Mapping Internet gaming disorder using effective connectivity: A spectral dynamic causal modeling study (2018)

Addict Behav. 2018 Oct 16;90:62-70. doi: 10.1016/j.addbeh.2018.10.019.

Wang M1, Zheng H1, Du X2, Dong G3.



Understanding the neural basis underlying Internet gaming disorder (IGD) is essential for the diagnosis and treatment of this type of behavioural addiction. Aberrant resting-state functional connectivity (rsFC) of the default mode network (DMN) has been reported in individuals with IGD. Since rsFC is not a directional analysis, the effective connectivity within the DMN in IGD remains unclear. Here, we employed spectral dynamic causal modeling (spDCM) to explore this issue.


Resting state fMRI data were collected from 64 IGD (age: 22.6 ± 2.2) and 63 well-matched recreational Internet game users (RGU, age: 23.1 ± 2.5). Voxel-based mean time series data extracted from the 4 brain regions within the DMN (medial prefrontal cortex, mPFC; posterior cingulate cortex, PCC; bilateral inferior parietal lobule, left IPL/right IPL) of two groups during the resting state were used for the spDCM analysis.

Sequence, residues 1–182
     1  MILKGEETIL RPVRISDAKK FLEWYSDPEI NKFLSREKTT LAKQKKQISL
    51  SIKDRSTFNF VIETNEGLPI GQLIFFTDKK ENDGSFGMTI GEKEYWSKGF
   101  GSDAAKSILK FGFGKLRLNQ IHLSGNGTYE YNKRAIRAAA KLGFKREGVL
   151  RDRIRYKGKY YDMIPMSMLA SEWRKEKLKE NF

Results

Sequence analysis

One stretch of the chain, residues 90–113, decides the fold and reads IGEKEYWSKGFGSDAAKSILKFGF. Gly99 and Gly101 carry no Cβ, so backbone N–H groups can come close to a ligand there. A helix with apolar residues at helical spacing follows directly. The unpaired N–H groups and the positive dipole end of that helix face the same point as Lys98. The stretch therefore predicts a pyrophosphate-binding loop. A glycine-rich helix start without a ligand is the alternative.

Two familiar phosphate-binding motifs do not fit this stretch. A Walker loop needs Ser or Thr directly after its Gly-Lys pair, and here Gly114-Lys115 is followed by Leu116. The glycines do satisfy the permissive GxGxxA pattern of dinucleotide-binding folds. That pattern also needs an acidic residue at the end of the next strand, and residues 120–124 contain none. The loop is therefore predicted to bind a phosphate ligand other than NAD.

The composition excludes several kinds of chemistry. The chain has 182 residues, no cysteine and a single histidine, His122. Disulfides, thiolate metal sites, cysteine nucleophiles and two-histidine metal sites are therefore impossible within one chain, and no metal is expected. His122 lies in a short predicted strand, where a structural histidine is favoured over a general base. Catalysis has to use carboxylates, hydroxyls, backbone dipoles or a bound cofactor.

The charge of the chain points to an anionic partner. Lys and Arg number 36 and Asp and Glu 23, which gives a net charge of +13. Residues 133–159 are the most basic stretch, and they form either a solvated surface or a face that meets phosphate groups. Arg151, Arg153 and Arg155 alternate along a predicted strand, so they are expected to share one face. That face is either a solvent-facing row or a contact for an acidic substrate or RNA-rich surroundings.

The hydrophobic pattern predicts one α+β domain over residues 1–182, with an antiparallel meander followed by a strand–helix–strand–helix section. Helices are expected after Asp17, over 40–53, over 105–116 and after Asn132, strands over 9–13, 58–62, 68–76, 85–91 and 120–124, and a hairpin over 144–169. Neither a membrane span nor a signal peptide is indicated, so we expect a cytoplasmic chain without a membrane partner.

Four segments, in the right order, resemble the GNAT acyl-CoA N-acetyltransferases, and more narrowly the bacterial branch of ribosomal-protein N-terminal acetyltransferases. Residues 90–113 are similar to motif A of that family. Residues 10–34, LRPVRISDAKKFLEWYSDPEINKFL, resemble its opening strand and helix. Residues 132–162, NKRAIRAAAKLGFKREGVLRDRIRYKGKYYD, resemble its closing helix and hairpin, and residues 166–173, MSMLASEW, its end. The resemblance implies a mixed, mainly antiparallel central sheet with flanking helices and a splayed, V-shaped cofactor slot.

Compared with RGU, IGD showed reduced effective connectivity from the mPFC to the PCC and from the left IPL to the mPFC, with reduced self-connection in the PCC and the left IPL.


The spDCM could distinguish the changes in the functional architecture between two groups more precisely than rsFC. Our findings suggest that the decreased excitatory connectivity from the mPFC to the PCC may be a crucial biomarker for IGD. Future brain-based intervention should pay attention to dysregulation in the IPL-mPFC-PCC circuits.

KEYWORDS: Default mode network; Effective connectivity; Internet gaming disorder; Medial prefrontal cortex; Spectral dynamic causal modeling

PMID: 30366150

DOI: 10.1016/j.addbeh.2018.10.019